These forms of exercise help increase the amount of oxygen in your body and also strengthen the heart’s ability to pump it through the bloodstream to the rest of your body. As an added bonus, regular aerobic exercise also helps reduce hypertension, stress, and cholesterol.
If you notice any unusual symptoms during exercise, such as prolonged shortness of breath, weak limbs, or chest pain, stop right away and call 911.
A low-fat, low-calorie diet has been proven to help prevent the risk for a heart attack. However, if you have already had a heart attack, eating right is simply a must to prevent future occurrences. Avoid trans fats and saturated fats whenever possible. These fats directly contribute to plaque formation in the arteries. When your arteries become clogged, blood can no longer flow to the heart, resulting in a heart attack.
Eating too many calories and being overweight can also strain your heart. Controlling your weight and eating a balance of plant foods, lean meats, and low-fat dairy products can help. Avoid animal fats. Instead, eat fats that come from plant sources, such as olive oil or nuts.
You may have considered quitting in the past, but doing so is even more crucial after a heart attack. Smoking is a risk factor for heart disease because it increases your blood pressure and risk for clots by reducing oxygen cells within the bloodstream. This means that your heart works harder to pump blood and has fewer healthy oxygen cells to maintain optimal performance. Quitting now can significantly improve your overall health and also reduce the occurrence of future heart attacks. Be sure to avoid secondhand smoke, as this poses similar dangers in terms of heart health.
Control Other Risk Factors
Heart disease can run in families, but the majority of heart attacks may be attributed to lifestyle choices. Aside from diet, exercise, and smoking habits, it’s important to control other risk factors that might contribute to future heart attacks. Talk to your doctor about:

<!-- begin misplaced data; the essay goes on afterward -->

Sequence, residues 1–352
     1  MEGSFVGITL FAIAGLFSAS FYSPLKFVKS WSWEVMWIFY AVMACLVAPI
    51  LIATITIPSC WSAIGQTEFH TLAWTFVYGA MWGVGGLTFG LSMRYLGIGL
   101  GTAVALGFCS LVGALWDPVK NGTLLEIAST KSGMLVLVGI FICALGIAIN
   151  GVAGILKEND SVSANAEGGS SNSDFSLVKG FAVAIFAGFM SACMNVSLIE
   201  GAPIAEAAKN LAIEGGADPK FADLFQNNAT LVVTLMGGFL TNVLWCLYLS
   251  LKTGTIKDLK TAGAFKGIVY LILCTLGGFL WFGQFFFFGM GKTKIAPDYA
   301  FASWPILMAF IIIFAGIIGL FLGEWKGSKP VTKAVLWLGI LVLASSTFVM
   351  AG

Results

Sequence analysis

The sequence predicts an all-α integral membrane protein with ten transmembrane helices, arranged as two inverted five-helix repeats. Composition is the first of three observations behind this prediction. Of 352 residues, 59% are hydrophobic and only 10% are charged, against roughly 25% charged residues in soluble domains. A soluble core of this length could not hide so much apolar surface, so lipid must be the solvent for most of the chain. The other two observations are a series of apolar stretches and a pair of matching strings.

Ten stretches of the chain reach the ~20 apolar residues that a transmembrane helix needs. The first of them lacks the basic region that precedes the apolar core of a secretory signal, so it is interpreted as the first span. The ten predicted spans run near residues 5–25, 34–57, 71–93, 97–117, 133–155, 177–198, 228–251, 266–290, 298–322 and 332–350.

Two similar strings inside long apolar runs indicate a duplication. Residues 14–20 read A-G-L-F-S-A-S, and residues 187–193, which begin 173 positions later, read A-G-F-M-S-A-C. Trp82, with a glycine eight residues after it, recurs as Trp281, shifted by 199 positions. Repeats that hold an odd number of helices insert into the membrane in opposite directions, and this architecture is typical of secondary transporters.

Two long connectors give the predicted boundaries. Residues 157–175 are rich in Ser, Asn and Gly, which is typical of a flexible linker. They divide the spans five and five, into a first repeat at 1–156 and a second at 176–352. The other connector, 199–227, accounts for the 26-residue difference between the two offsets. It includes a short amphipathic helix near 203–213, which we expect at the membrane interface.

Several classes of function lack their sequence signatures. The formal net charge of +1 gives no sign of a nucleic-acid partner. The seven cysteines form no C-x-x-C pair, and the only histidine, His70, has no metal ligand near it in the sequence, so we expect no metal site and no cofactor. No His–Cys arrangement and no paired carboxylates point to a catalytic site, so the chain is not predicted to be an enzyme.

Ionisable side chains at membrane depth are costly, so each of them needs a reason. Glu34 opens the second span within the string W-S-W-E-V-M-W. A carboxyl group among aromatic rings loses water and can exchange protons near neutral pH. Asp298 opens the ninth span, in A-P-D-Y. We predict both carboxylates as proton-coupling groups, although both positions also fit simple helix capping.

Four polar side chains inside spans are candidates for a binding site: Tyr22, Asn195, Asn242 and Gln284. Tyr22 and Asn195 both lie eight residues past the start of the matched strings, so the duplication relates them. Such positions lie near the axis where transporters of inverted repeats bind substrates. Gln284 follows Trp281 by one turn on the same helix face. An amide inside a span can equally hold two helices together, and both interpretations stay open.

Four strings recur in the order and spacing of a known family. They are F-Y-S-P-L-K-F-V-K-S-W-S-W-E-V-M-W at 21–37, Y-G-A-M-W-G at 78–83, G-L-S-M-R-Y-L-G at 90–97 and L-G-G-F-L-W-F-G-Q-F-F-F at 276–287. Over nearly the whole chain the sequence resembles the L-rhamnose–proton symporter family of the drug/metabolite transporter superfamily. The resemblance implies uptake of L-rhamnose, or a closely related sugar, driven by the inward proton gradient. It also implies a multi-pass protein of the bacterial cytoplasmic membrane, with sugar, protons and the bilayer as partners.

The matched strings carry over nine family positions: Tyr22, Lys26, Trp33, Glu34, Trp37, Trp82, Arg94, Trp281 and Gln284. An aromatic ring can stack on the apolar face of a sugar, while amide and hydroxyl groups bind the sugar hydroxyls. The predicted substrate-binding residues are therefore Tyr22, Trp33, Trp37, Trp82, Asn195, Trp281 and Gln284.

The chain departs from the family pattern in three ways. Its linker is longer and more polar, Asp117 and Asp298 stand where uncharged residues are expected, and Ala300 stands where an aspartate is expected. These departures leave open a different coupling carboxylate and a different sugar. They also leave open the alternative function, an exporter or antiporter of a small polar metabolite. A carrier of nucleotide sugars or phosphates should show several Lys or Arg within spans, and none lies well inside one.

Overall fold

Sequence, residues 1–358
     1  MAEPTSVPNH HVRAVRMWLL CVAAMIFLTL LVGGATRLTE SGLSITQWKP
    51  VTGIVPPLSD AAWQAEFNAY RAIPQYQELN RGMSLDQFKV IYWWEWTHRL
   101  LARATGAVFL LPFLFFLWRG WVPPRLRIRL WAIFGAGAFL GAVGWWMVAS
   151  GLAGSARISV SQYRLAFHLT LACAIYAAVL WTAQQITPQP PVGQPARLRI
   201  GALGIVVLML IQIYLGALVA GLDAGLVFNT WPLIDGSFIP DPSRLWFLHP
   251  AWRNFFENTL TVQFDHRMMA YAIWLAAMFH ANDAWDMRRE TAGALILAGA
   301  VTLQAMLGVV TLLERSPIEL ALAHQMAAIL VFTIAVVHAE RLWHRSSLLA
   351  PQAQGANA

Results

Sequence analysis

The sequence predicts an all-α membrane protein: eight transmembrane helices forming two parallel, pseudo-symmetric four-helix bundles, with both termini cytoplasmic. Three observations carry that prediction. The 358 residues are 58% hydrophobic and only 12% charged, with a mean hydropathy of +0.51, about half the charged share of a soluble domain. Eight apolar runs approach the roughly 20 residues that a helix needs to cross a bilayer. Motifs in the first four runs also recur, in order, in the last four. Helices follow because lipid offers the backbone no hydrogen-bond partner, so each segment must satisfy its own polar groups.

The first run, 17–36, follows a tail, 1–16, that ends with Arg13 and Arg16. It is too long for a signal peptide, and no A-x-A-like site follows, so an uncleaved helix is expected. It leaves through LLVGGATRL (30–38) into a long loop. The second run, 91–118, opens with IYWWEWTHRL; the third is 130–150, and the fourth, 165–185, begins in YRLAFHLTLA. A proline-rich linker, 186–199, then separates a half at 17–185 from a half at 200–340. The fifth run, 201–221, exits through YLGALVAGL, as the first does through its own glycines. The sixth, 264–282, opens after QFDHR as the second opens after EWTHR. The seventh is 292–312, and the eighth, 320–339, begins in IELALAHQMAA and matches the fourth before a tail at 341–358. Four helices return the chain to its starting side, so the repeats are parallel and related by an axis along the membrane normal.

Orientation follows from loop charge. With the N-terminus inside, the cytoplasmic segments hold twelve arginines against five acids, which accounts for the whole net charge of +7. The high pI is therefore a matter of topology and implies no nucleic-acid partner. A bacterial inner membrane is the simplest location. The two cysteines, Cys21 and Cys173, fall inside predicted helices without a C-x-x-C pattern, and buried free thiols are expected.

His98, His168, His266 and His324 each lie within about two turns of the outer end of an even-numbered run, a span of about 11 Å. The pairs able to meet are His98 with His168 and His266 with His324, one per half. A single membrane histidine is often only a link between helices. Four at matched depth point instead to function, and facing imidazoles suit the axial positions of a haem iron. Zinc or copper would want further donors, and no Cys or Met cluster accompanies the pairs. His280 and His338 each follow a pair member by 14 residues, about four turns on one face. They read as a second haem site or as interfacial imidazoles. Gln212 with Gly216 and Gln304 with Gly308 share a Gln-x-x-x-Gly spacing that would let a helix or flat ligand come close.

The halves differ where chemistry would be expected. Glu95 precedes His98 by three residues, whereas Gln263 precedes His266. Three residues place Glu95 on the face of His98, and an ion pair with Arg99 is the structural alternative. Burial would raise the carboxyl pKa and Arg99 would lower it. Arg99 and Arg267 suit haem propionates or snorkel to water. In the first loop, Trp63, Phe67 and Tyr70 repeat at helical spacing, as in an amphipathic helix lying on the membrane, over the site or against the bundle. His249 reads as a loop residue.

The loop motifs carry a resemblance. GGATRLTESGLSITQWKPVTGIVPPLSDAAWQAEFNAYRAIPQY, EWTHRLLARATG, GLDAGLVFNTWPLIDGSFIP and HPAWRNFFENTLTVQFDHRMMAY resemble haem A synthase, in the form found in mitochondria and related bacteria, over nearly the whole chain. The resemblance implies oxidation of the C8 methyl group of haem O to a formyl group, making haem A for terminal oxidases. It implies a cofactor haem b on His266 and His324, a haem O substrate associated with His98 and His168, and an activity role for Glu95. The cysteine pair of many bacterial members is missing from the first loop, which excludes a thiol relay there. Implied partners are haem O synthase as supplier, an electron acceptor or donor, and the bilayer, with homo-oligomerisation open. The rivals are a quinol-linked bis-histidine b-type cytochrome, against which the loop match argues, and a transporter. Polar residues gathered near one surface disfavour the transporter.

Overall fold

- high cholesterol
- thyroid disease
- unusual amounts of stress
- mental health concerns, such as anxiety and depression
You’re at a huge risk for having another heart attack after you recover from your first one. It is vital that you stay in tune with your body and report any symptoms to your doctor immediately, even if they only seem slight. Call 911 if you experience:
- sudden and extreme fatigue
- chest pain, and pain that travels to one or both arms
- rapid heartbeat
- sweatiness (without exercising)
- dizziness and/or faintness
- leg swelling
- shortness of breath
Improving your heart health after a heart attack depends on how well you adhere to your doctor’s treatment plan. It also depends on your ability to identify potential problems. You should also be aware of the difference in treatment outcomes between men and women post-heart attack. Researchers found that 42 percent of women die within one year of having a heart attack, compared to 24 percent of men.
The Centers for Disease Control and Prevention (CDC) estimates that 735,000 people have heart attacks every year in the U.S., and that 210,000 of these are second heart attacks. Knowing your risk factors and making over your lifestyle can help you become a survivor for life.